Ostrya virginiana

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American hophornbeam
A hophornbeam branch with the characteristic hop-resembling fruits[1] in early summer
Scientific classification Edit this classification
Kingdom: Plantae
Clade: Tracheophytes
Clade: Angiosperms
Clade: Eudicots
Clade: Rosids
Order: Fagales
Family: Betulaceae
Genus: Ostrya
O. virginiana
Binomial name
Ostrya virginiana
Generalized native range
  • Carpinus virginiana Mill.
  • Zugilus virginica Raf.
  • Ostrya italica subsp. virginiana (Mill.) H.J.P.Winkl.
  • Carpinus virginica Münchh.
  • Carpinus triflora Moench
  • Ostrya virginica (Münchh.) Willd.
  • Ostrya americana F.Michx.
  • Ostrya ostrya MacMill.
  • Ostrya baileyi Rose
  • Ostrya guatemalensis (H.J.P.Winkl.) Rose
  • Ostrya mexicana Rose

Ostrya virginiana, the American hophornbeam, is a species of Ostrya native to eastern North America, from Nova Scotia west to southern Manitoba and eastern Wyoming, southeast to northern Florida and southwest to eastern Texas.[4] Populations from Mexico and Central America are also regarded as the same species, although some authors prefer to separate them as a distinct species, Ostrya guatemalensis.[3] Other names include eastern hophornbeam, hardhack (in New England), ironwood, and leverwood.[5][6]


Ostrya virginiana (American hophornbeam) is a small deciduous understory tree growing to 18 m (59 ft) tall and 20–50 centimetres (8–20 in) trunk diameter. The bark is brown to gray-brown, with narrow shaggy plates flaking off, while younger twigs and branches are smoother and gray, with small lenticels.[5][7] Very young twigs are sparsely fuzzy to thickly hairy; the hairs (trichomes) drop off by the next year.[8]

The leaves are ovoid-acute, 5–13 cm (2–5 in) long and 4–6 cm (1+122+14 in) broad, pinnately veined, with a doubly serrated margin. The upper surface is mostly hairless, while the lower surface is sparsely to moderately fuzzy (rarely densely hairy).[5][7]

The flowers are catkins (spikes) produced in early spring at the same time as the new leaves appear. The staminate (male) catkins are 2–5 cm (34–2 in) long,[5] and arranged in groups of 1–4.[7] The pistillate (female) catkins are 8–15 mm (5161932 in) long, containing 10–30 flowers each.[5]

Pollinated female flowers develop into small nutlets 3–5 mm (18316 in) long fully enclosed in a papery sac-shaped involucre 10–18 mm (381116 in) long and 8–10 mm (51638 in) wide.[5] The involucre changes from greenish-white to dull brown as the fruit matures.[7]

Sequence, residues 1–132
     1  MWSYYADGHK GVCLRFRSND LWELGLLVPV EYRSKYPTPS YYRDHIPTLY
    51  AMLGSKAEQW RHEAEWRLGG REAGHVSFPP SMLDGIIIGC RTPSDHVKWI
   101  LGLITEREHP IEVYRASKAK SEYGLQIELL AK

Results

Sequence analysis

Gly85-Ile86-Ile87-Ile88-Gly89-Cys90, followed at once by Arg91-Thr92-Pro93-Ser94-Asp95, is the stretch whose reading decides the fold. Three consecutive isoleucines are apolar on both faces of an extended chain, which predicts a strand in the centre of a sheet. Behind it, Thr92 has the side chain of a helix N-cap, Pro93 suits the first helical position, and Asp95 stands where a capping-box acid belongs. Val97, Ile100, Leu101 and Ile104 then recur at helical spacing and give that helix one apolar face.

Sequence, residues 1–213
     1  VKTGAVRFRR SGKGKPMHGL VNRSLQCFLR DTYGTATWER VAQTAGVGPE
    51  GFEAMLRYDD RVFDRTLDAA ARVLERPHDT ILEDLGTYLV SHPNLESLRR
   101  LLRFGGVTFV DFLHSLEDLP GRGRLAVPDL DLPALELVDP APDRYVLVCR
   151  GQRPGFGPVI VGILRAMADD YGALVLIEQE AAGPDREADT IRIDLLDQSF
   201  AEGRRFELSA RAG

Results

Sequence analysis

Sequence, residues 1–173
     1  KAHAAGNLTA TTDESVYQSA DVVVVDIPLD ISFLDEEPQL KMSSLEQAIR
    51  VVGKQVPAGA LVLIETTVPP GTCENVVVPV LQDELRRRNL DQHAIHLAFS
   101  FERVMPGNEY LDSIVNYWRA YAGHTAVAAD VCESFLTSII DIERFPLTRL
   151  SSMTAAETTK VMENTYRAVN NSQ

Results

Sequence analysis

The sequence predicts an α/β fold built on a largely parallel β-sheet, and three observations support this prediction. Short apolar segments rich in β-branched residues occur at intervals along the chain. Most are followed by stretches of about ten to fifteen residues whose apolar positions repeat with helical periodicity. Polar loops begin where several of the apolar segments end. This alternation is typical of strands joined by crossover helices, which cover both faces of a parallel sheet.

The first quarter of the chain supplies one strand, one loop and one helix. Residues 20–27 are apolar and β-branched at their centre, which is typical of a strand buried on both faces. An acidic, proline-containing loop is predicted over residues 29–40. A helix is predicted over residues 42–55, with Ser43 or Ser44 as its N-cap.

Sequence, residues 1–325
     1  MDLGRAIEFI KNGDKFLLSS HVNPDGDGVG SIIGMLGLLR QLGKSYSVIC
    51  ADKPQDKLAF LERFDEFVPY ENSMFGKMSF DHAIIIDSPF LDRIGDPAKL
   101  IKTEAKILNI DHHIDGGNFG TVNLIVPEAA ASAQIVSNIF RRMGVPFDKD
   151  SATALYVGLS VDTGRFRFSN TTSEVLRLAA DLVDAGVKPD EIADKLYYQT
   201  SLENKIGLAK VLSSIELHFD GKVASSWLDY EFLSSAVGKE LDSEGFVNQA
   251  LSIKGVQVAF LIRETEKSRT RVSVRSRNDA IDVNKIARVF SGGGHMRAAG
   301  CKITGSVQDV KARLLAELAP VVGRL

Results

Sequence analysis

American hophornbeam is similar to its close relative American hornbeam (Carpinus caroliniana), which can be distinguished by its smooth bark and nutlets enclosed in open, three-lobed bracts.[7]


There are two subspecies:

  • Ostrya virginiana subsp. guatemalensis (H.J.P.Winkl.) A.E.Murray – central and southern Mexico, Guatemala, Honduras, El Salvador[9]
  • Ostrya virginiana subsp. virginiana – eastern half of United States, eastern Canada

Populations along the Atlantic coast have slightly smaller leaves, and are sometimes separated as O. virginiana var. lasia Fernald.[5]

Habitat and ecology[edit]

In temperate areas of the US and Canada, Ostrya virginiana is found in lowland and foothill forests, where it is predominantly an understory tree.[2]

In Mexico and Central America, Ostrya virginiana is found in cloud forests and humid portions of mid-elevation oak, pine–oak, and pine forests between 1200 and 2800 meters elevation.[10]

The buds and catkins are important source of winter food for some birds, notably ruffed grouse (Bonasa umbellus).[7] Additionally, the nutlets and buds are eaten by birds, deer, and rabbits.[1]


It is grown as an ornamental plant and is sometimes used as a street tree.

Its wood is very resilient and is valued for making tool handles and fence posts.

Being a diffuse porous hardwood and having extremely high density and resistance to compression, it is an excellent material for the construction of wooden longbows.


  1. ^ a b Little, Elbert L. (1980). The Audubon Society Field Guide to North American Trees: Eastern Region. New York: Knopf. p. 374. ISBN 0-394-50760-6.
  2. ^ a b Stritch, L.; Shaw, K.; Roy , S.; Wilson, B. (2014). "Ostrya virginiana". IUCN Red List of Threatened Species. 2014: e.T194540A2346581. doi:10.2305/IUCN.UK.2014-3.RLTS.T194540A2346581.en. Retrieved 19 November 2021.
  3. ^ a b "Ostrya virginiana". World Checklist of Selected Plant Families (WCSP). Royal Botanic Gardens, Kew.
  4. ^ "Ostrya virginiana". County-level distribution map from the North American Plant Atlas (NAPA). Biota of North America Program (BONAP). 2014.
  5. ^ a b c d e f g Furlow, John J. (1997). "Ostrya virginiana". In Flora of North America Editorial Committee (ed.). Flora of North America North of Mexico (FNA). Vol. 3. New York and Oxford: Oxford University Press – via eFloras.org, Missouri Botanical Garden, St. Louis, MO & Harvard University Herbaria, Cambridge, MA.
  6. ^ Nelson Sutherland, C.H. (2008). Catálogo de las plantes vasculares de Honduras. Espermatofitas: 1-1576. SERNA/Guaymuras, Tegucigalpa, Honduras.
  7. ^ a b c d e f Hilty, John (2020). "Hop Hornbeam (Ostrya virginiana)". Illinois Wildflowers.
  8. ^ Chayka, Katy; Dziuk, Peter (2016). "Ostrya virginiana (Ironwood)". Minnesota Wildflowers.
  9. ^ Whittemore, Alan. "Ostrya virginiana". Flora Mesoamericana. Missouri Botanical Garden – via Tropicos.org.
  10. ^ Mario González-Espinosa, Jorge A. Meave, Francisco G. Lorea-Hernández, Guillermo Ibarra-Manríquez and Adrian C. Newton, eds (2011). The Red List of Mexican Cloud Forest Trees. Fauna & Flora International, Cambridge, UK. 2011. ISBN 9781903703281

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